FORT MYERS, Fla. -- At Fenway Park at least, there may be no need to implement silly mechanisms to increase pace of play. Alex Cora’s vision for the Sox offense could speed us along.
The Sox of yore strove to work counts for the sake of booting a starter out of the game early. A higher pitch count made it easier to get into a presumably weaker bullpen.
The difference now is manifold. For one, relievers are simply better.
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“We used to wait them out. But that was 10 years ago, 13 years ago,” Cora said Thursday morning, before the Red Sox first exhibition game of the spring. “It's been a while. It's a different game. I had a conversation with Mikey [Lowell] about that. I was like, ‘Mikey, the starters, they go four or five innings.’
“[They don’t] bring in the 87-88 [mph] cutter/sinker/breaking ball guy. Now the guy in the sixth inning is 97 with a great off-speed pitch, secondary pitch. I'm a big believer when you get to that starter, if you can get him right away, get him. Either he'll get you or you'll get him.”
And everyone is very directly trying to "get” one another. Attack plans are both more deliberate and more easily accessible these days. The proliferation of analytics has led to better scouting reports. Waste pitches may still be thrown with some sense of purpose, but there is a trend toward maximizing efficiency. See Chris Sale, who has talked a lot about the need to reduce wasted pitches -- not necessarily the same as a purposeful pitch outside of the zone , but still in the same vein. You don't necessarily need a fastball to set up your amazing curveball, or may not need it as frequently.
The best offense in the majors in 2017 belonged to the world champion Astros, and they saw the second fewest pitches per plate appearance of anyone in the majors, 3.78. Cora was their bench coach.
Now, you can still have a great offense and work counts. The team the Astros beat in the American League Championship Series, the Yankees, had 3.98 pitches per plate appearance in the regular season, the second-most. The Red Sox were seventh, at 3.94.
Another effect rooted in the same causes: Lineup construction doesn’t mean quite as much. A left-right balance may be helpful throughout the regular season, at least, but it doesn’t have to drive the boat.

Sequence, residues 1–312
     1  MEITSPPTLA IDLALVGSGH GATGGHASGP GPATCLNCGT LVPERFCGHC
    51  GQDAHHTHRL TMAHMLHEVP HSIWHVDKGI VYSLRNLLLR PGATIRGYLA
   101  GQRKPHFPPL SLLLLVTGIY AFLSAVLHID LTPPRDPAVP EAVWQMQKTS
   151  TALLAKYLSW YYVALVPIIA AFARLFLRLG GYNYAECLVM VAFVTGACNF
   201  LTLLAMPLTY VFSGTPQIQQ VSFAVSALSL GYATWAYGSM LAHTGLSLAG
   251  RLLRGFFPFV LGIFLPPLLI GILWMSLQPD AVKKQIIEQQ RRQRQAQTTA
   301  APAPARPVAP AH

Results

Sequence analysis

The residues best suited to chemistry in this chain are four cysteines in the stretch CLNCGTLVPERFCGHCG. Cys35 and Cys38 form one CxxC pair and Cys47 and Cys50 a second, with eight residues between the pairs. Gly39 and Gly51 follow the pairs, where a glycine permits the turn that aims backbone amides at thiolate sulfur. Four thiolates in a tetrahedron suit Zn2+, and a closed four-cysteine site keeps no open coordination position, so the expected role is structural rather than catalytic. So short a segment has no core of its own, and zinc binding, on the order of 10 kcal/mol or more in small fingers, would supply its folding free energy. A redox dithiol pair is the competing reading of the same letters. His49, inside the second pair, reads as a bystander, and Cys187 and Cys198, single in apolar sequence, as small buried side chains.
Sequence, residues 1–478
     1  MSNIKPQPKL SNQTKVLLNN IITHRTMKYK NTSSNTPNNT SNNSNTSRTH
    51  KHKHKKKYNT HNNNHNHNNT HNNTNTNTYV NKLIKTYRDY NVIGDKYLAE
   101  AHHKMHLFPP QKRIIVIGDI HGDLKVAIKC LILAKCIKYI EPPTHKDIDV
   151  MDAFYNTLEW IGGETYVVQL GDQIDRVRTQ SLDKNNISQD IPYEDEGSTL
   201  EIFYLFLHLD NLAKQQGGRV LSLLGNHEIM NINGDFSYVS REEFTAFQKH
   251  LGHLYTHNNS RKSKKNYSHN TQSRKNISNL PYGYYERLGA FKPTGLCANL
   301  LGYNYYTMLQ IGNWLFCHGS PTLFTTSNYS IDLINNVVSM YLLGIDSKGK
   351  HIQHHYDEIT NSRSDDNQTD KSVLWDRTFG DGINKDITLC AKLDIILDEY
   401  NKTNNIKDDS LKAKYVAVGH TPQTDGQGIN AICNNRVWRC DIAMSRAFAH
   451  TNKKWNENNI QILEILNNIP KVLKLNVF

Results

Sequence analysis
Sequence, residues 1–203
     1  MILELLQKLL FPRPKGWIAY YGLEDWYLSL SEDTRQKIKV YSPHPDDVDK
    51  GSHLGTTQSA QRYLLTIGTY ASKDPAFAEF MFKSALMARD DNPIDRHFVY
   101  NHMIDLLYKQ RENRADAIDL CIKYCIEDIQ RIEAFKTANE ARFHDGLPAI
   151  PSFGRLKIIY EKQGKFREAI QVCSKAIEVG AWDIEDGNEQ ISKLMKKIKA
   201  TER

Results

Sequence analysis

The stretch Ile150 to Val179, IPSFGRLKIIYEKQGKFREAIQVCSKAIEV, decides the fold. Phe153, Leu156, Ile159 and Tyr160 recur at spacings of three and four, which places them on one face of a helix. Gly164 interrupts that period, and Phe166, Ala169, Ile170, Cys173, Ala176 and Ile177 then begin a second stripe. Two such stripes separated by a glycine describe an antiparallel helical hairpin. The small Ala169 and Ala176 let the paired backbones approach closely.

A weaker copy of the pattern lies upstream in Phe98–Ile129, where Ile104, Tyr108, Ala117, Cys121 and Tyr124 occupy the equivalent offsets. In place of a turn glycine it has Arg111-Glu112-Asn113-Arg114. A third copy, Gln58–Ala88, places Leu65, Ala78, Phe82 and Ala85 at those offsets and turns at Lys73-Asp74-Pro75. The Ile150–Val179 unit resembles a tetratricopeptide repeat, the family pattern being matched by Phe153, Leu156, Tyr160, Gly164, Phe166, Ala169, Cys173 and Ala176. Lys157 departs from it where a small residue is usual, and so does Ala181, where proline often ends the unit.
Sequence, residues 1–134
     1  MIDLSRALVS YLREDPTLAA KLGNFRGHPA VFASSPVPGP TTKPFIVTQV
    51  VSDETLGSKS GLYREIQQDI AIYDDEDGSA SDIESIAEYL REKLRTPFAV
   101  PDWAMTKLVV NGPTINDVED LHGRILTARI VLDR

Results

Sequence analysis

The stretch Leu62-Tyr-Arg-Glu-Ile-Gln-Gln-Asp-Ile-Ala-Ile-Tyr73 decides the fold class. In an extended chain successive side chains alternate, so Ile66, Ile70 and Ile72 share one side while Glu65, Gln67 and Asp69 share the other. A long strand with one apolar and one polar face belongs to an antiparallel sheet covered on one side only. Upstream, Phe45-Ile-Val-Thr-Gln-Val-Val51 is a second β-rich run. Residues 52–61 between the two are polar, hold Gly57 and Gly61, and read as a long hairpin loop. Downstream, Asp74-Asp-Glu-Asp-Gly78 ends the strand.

“It doesn’t matter. It doesn’t matter,” Cora said. “You put the best lineup out there. I hate to bring up last year, because I want turn the page, but you saw what happened at the end. We had five righties [in the Astros lineup consecutively], it didn’t matter. If you can hit, you can hit.
“They’re good hitters. Throughout the minor leagues, you face lefties and righties and all of a sudden, your first month in the big leagues and you can’t hit lefties. I never got that. Probably have to make that decision later on, but it doesn’t matter.”
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Lineup protection isn’t a priority, either, from the sound of it.
“I believe in lineup construction, that’s most important,” Cora said recently. “You’ve got David [Ortiz] and Manny [Ramirez], you pick your poison. You’ve got Miguel [Cabrera] and Victor [Martinez], you pick your poison. You decide when to challenge who at certain times. But I think it’s making that lineup long enough to keep putting pressure on the opposition.
“The way the league is pitching sometimes, it doesn’t matter who is hitting behind you. It’s a matter of how they attack you. There are certain teams [where] this is how you’re going to attack this guy, regardless of the situation, and they’re going to go there. If they walk him, they walk him. And if they strike him out, they strike him out. If they put together a good at-bat and they get on base, so be it. It’s a lot different because of the way stats are attacking guys. So for me, it’s all about construction."